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February 2024

by Rev. Phillip Girardin

This year, there is an interesting confluence of holidays. In the secular world (and theological world) we have Valentine's Day. A day where people get very romantic, and the idea of love is celebrated the world over. The oddity in this, and perhaps the failure of the English language, is that in many cases it is not love that is celebrated, but another word that begins with an L. Lust. These concepts are often lost inside of each other. Much of popular culture does not celebrate love, but rather celebrates the carnal desire of lust. While this might not sound like an incredibly significant perspective, the viewpoint of them creates the dichotomy.

Lust is an incredible driving thing. People will do all manner of ridiculousness in order to fulfill the burning desire that lust creates. Not only do people do ridiculous things, but they then expect it to be accepted. The entire focal point of lust is the self. Lust is by its nature self-centered. It demands that the desires of the person burning with it be fulfilled, at whatever cost to the other person. Phrases that burn with lust would go to the effect of, I want...

Love on the other hand is completely the opposite. It's entirely outwardly focused. Love looks to how the other person may be served. Love considers how the other person feels; their wants, desires, and needs before our own. Synonyms for love would be words like cherish and adore. I adore you...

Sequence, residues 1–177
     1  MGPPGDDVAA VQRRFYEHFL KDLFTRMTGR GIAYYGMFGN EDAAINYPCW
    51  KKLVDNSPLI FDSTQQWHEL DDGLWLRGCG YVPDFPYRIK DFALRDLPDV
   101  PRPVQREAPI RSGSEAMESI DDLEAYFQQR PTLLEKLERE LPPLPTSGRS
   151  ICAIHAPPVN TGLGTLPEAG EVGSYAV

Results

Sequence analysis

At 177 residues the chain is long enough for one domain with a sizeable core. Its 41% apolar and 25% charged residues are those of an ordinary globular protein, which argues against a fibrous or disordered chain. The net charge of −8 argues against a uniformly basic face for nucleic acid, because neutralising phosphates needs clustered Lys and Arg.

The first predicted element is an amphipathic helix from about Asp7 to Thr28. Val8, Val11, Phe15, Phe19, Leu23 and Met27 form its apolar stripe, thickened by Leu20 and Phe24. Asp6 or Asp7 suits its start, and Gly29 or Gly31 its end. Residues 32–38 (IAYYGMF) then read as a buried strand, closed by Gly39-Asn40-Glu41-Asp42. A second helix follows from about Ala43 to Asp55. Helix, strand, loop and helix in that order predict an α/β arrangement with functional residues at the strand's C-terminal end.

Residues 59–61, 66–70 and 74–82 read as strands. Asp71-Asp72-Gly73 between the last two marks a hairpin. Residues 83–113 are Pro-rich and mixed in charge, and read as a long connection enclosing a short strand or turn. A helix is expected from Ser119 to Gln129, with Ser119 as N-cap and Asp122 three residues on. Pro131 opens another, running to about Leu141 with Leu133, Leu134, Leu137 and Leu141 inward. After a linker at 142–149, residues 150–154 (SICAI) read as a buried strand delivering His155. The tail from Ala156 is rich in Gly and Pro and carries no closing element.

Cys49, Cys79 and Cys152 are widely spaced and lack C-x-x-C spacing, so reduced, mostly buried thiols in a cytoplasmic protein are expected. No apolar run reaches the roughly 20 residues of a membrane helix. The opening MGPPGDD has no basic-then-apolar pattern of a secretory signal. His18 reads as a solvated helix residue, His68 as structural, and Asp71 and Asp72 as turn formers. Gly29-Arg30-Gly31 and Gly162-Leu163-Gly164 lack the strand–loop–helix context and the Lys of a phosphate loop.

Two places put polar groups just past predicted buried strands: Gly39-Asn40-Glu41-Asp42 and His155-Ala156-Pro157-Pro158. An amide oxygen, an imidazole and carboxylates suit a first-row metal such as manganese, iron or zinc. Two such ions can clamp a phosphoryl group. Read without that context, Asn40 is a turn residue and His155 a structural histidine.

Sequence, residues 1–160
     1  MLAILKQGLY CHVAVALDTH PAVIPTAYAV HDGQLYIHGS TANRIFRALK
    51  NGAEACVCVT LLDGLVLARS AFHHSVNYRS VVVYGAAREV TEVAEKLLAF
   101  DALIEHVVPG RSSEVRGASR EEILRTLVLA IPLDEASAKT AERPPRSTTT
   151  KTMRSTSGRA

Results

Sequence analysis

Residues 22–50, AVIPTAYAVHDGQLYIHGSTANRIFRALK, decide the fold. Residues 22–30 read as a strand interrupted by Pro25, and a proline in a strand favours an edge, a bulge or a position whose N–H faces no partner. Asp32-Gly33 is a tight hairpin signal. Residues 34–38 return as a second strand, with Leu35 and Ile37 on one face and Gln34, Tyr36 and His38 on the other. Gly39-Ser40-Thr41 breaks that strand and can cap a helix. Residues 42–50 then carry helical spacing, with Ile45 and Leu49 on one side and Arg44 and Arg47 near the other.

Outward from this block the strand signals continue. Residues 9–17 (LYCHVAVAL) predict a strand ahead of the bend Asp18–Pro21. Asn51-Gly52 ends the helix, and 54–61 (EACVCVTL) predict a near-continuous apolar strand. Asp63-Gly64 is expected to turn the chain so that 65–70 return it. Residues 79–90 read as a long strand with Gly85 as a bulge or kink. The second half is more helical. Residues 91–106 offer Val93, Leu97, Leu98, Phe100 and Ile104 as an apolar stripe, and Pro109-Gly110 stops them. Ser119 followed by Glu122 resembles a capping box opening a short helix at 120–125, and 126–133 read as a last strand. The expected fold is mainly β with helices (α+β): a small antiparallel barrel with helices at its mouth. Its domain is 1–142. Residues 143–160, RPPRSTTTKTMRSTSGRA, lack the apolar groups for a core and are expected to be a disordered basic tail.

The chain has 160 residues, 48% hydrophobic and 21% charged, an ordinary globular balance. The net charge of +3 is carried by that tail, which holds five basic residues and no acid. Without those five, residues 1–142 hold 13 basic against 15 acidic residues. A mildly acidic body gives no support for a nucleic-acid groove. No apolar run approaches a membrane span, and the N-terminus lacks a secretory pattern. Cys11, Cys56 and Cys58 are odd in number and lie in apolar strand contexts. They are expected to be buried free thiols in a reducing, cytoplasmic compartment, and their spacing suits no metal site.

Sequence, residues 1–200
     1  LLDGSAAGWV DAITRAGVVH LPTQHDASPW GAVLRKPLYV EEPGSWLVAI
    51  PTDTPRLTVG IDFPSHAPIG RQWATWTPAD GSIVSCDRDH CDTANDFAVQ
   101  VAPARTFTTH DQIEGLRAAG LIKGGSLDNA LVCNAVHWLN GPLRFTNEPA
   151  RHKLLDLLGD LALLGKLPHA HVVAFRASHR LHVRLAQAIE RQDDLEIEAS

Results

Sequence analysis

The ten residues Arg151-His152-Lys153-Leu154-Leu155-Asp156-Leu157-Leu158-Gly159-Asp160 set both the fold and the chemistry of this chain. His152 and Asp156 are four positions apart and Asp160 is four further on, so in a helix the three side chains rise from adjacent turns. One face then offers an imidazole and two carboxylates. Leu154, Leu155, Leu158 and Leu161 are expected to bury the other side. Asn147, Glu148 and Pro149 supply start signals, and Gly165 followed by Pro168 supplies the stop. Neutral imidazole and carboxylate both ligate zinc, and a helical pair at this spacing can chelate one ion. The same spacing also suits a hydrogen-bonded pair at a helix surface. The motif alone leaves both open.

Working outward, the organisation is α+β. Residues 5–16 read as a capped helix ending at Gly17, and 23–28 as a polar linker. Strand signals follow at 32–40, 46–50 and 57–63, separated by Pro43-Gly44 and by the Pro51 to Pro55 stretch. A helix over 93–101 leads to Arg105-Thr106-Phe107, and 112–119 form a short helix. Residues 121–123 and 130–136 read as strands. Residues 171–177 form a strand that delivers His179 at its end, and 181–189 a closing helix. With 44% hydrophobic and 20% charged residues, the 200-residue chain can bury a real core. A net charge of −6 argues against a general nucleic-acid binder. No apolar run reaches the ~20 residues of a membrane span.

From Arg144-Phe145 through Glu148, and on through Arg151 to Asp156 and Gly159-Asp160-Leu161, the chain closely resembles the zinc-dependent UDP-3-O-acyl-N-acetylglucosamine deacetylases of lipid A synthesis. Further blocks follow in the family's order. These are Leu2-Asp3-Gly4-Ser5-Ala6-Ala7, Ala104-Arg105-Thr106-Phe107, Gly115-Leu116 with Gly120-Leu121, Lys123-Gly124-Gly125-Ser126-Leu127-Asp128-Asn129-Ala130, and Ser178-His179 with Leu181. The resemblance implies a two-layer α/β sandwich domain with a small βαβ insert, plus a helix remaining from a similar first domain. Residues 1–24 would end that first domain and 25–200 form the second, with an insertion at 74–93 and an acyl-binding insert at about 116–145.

As we think about the idea of love and lust, how do we celebrate Valentine's Day? Is it an exceedingly hedonistic expression of trying to get what you want out of the other person, or is it something more? Is Valentine's Day about the fulfilling of your own desires, or pouring yourself out for another? Are we loving or lusting?

The other holiday that coincides with Valentine's Day this year is Ash Wednesday. We begin our walk through the Lenten season the same time as we celebrate the holiday of love. The same day that we, as Christians, will buy hearts and go out to dinner, is the same day that we will impose ashes on ourselves and recognize the beginning of the Lenten walk. One side is the conspicuous consumption of a hallmark holiday, and on the other is a season of fasting, repentance, and prayer.

Yet in the Lenten holiday, while we do become somber as we contemplate the work of Jesus, we also realize that there is a simple reality to what occurs in this Lenten season. We are the recipients of the love of God. God does not look at us and try to get anything out of us. This would be futile as we really don't have anything to offer. God is above us and beyond us fully. Instead, we see the love of God that while we were still sinners, Christ Jesus was sent for us, and died for our salvation. (Romans 5) The work of Jesus on our behalf becomes an incredible act of love given to us. Jesus does not expect us to do anything for our salvation, but rather does it all. He offer's Himself as sins price and gives us the benefit of His work. Jesus loves you so much, He died for you and gives you His resurrection.

Maybe Valentine's Day rightly celebrated is perfectly fitting to coincide with Ash Wednesday...

For God so loved the world, that he gave his only Son, that whoever believes in him should not perish but have eternal life. (John 3:16)

Pastor Phil
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